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Commentary


A Divine delusion

Vol. 3, No. 11 / November 2004
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“Delusions: How cognitive therapy helps patients let go” (Pearls, July 2004) reminded me of a patient who once told me and my colleagues that he was God.

“That is very good news,” I responded. “We’re all so glad that you have finally come to us. We’ve waited for you for a long time.”

The patient was pleased with my greeting. Then I added, “We have a lot of sick patients in this hospital. We hope you can help them.” He was puzzled, as he had not expected that responsibilities come with exalted status.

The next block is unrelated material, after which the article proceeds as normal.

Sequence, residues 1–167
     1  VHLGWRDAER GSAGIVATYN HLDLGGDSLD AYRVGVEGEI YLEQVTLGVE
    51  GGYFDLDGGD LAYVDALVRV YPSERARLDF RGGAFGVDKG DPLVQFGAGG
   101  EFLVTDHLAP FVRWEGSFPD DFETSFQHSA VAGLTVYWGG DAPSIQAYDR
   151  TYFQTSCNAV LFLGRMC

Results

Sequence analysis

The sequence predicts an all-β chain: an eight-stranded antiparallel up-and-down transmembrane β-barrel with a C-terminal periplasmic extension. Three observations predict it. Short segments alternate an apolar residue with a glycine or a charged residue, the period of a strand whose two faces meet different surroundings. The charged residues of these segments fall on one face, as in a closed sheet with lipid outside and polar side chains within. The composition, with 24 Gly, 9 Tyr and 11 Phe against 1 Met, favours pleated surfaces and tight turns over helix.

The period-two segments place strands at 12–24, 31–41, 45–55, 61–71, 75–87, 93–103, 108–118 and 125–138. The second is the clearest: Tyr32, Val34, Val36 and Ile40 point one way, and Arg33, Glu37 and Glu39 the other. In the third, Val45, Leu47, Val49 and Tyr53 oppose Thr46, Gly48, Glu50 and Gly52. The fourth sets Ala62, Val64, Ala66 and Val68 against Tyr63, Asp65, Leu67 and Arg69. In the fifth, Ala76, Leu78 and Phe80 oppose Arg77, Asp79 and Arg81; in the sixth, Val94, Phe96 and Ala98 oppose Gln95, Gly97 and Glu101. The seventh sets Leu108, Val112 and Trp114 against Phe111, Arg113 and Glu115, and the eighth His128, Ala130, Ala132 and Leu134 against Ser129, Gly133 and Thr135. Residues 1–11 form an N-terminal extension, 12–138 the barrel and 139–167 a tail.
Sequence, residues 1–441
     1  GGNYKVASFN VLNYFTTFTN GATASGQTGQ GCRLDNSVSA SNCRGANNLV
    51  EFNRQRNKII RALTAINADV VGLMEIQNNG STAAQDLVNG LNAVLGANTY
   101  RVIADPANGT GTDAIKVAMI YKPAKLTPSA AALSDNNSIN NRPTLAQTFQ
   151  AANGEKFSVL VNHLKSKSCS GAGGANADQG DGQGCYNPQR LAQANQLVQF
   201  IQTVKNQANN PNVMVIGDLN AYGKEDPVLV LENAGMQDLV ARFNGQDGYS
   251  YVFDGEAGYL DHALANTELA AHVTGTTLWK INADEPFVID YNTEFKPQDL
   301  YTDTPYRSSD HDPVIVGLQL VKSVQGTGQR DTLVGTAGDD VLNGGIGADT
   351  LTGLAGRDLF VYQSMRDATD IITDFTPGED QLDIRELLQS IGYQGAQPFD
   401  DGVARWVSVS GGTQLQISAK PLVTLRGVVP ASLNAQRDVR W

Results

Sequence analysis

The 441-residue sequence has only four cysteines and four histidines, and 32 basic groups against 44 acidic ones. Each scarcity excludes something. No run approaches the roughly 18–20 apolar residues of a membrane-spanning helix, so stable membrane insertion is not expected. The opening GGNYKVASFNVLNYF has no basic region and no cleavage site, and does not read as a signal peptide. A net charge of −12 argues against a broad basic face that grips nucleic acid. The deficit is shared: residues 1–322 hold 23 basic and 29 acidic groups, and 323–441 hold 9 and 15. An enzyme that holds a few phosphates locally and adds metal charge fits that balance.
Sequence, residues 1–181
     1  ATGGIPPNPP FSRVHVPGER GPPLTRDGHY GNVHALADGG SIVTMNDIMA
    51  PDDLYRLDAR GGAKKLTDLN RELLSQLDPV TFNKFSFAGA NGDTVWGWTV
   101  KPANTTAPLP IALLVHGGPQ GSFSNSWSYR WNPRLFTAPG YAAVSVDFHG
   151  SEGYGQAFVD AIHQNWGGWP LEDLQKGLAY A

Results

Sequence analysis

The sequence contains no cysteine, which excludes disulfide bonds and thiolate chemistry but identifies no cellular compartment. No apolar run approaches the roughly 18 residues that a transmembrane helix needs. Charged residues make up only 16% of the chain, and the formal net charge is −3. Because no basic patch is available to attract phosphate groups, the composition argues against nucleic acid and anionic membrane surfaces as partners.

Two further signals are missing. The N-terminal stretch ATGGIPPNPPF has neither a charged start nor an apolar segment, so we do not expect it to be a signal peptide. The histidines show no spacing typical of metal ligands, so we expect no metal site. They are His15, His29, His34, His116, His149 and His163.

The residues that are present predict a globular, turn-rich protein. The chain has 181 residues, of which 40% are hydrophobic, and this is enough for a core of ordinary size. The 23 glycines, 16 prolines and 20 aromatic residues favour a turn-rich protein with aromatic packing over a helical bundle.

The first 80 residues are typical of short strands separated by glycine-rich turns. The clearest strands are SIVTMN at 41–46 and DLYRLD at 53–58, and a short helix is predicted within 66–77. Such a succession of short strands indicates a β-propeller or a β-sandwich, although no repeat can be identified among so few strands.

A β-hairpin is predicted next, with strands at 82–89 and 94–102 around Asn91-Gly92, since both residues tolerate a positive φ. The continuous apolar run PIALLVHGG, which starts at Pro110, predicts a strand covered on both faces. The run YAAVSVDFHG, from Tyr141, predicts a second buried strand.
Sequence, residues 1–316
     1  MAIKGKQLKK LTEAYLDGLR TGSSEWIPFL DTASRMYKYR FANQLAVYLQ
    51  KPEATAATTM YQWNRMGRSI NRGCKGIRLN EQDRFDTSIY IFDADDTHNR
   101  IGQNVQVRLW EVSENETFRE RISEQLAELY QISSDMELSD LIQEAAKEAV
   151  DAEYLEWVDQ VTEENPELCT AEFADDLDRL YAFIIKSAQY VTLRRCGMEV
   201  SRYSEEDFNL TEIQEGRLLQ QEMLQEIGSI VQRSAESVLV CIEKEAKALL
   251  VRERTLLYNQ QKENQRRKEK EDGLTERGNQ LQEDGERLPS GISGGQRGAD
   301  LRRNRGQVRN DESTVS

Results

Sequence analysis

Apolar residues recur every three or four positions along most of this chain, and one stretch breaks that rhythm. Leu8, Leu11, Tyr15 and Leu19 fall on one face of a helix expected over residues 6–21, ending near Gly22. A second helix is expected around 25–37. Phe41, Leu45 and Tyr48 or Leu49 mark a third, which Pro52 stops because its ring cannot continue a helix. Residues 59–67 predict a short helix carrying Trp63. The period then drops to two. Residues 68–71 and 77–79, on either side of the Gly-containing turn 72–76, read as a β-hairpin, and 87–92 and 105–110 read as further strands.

A few days later, after he had begun taking an antipsychotic, I asked about his identity. He now told me he was the “Son of God.” We talked a few days later, and he said, “I am the son of God. Aren’t we all God’s children?”

I was pleased to see his mental health improve but disappointed to learn we would receive no supernatural help with treating our patients.

Yehuda Sherman, MD
Lafayette, CA

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